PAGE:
For Reichert, the collaboration between the different city services, from the police to social workers, is even more important than any form of control to ensure the success of the structure.
Zurich already has some experience with these collaborations after having closed down the city’s infamous open drug scenes.
Reichert says that it is also necessary to keep a certain perspective when deciding when to intervene.
“Should you intervene if a drug dealer gets in pretending to be a client? You can’t ban everything and there will always be drugs,” she told swissinfo.ch. “On the other hand, if a group of dealers moved in, it wouldn’t be acceptable and the police would have to intervene.”
Except for their different “opening” times – midday to 2am in Cologne, 7pm to 5am in Zurich – the Swiss site will operate much along the same lines as its German model. In both cases, clients drive past shelters where the women wait.
In Cologne, one could imagine being in a forest if it weren’t for the patched-up tarpaulins damaged by passers-by trying to ogle the action. The “sex boxes” are inside an old shed. The bathrooms are in a shabby state, admits Reichert, who says there have been too many thefts for the authorities to keep up repairs.
The German example
Cologne opened a zone reserved for the sex trade in 2001. According to the city authorities, street prostitution has disappeared from the downtown area, although a red-light zone still exists further in the south of the metropolitan area.
There have been no violent acts in the special zone. The police carry out regular checks to make sure pimps and drug dealers do not move in.
By guaranteeing their security, the authorities have convinced the prostitutes to take part in health prevention and support programmes.
The general health of many sex workers has improved and their income has increased.
However, some women prefer to remain anonymous rather than work in an enclosed area. Competition between prostitutes is considered by some to be a disadvantage.
Who can work on the Geestemünder Strasse site is one of the challenges the authorities face. So far, the city has chosen to give priority to locals and long-term immigrants.
Plenty of advantages
In Zurich, everything is brand new, even the shiny trash bins. The “garages” where the cars will park are lit up by coloured fluorescent tubes and plants have been placed in the area.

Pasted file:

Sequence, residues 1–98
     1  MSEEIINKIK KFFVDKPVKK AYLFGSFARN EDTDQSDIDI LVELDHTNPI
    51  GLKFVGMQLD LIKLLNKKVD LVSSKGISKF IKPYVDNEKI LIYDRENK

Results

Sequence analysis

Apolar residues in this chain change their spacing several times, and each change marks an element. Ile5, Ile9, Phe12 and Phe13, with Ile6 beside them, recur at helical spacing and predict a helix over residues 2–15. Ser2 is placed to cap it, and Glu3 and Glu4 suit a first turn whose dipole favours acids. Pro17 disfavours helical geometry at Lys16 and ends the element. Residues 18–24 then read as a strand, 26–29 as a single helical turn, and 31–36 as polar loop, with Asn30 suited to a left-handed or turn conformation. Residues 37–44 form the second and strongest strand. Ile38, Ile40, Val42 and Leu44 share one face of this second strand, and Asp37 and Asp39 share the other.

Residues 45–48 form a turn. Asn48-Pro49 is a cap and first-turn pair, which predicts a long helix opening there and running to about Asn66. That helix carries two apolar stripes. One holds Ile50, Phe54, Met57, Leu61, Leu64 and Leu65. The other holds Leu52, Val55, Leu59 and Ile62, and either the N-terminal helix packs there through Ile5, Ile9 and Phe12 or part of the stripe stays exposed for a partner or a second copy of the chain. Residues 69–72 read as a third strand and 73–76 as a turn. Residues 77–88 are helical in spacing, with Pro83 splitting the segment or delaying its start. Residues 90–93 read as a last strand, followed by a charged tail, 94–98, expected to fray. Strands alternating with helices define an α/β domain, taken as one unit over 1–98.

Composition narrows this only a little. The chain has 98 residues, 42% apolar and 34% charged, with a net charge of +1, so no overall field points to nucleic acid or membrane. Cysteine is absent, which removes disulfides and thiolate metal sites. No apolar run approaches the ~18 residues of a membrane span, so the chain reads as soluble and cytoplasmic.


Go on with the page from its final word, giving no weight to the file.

“If someone calls me a perfectionist because I want to make sure the prostitutes aren’t working in a sordid environment, I don’t mind being a perfectionist,” says Herzig.
At both sites, social workers are also present every day. In Zurich, Ursula Kocher and an aid and consultation service called Flora Dora have moved into refurbished containers.
The prostitutes can change clothes there, take a shower and ask for advice. A small kitchen is also available. Flora Dora organises self-defence courses, including for inside cars, while medical consultations will take place once a week.
Kocher reckons the Zurich project has a chance of succeeding. “Most sex workers will move here,” she says. “We have been discussing it with them for a long time. They don’t want any trouble with the law and working here will have plenty of advantages.”
Cologne convinced the prostitutes to make the move even though the distance between downtown and their new “workplace” was much further than in Zurich’s case.
Zurich hopes to have covered all the bases. A special group has been set up to deal with complaints from local inhabitants; the zone’s usage will be identified by signs marked with a red umbrella, a pictogram already widely used in eastern Europe.
The population will also be able to inspect the site on August 24. “We don’t want to hide anything,” says Martin Waser, the city councilor in charge of social affairs. ”People have the right to know what it will look like.”
Only clients driving cars will be allowed to use the sex boxes in Zurich.
“Drivers are our main target group, because we want the Sihlquai to be freed from prostitution,” says Herzig. “Clients without cars can go to massage parlours and specialized bars.”
The main issue is whether clients will make use of the new site. In Cologne, they followed the workers.
By Ariane Gigon in Zurich and Cologne, swissinfo.ch
(Adapted from French by Scott Capper)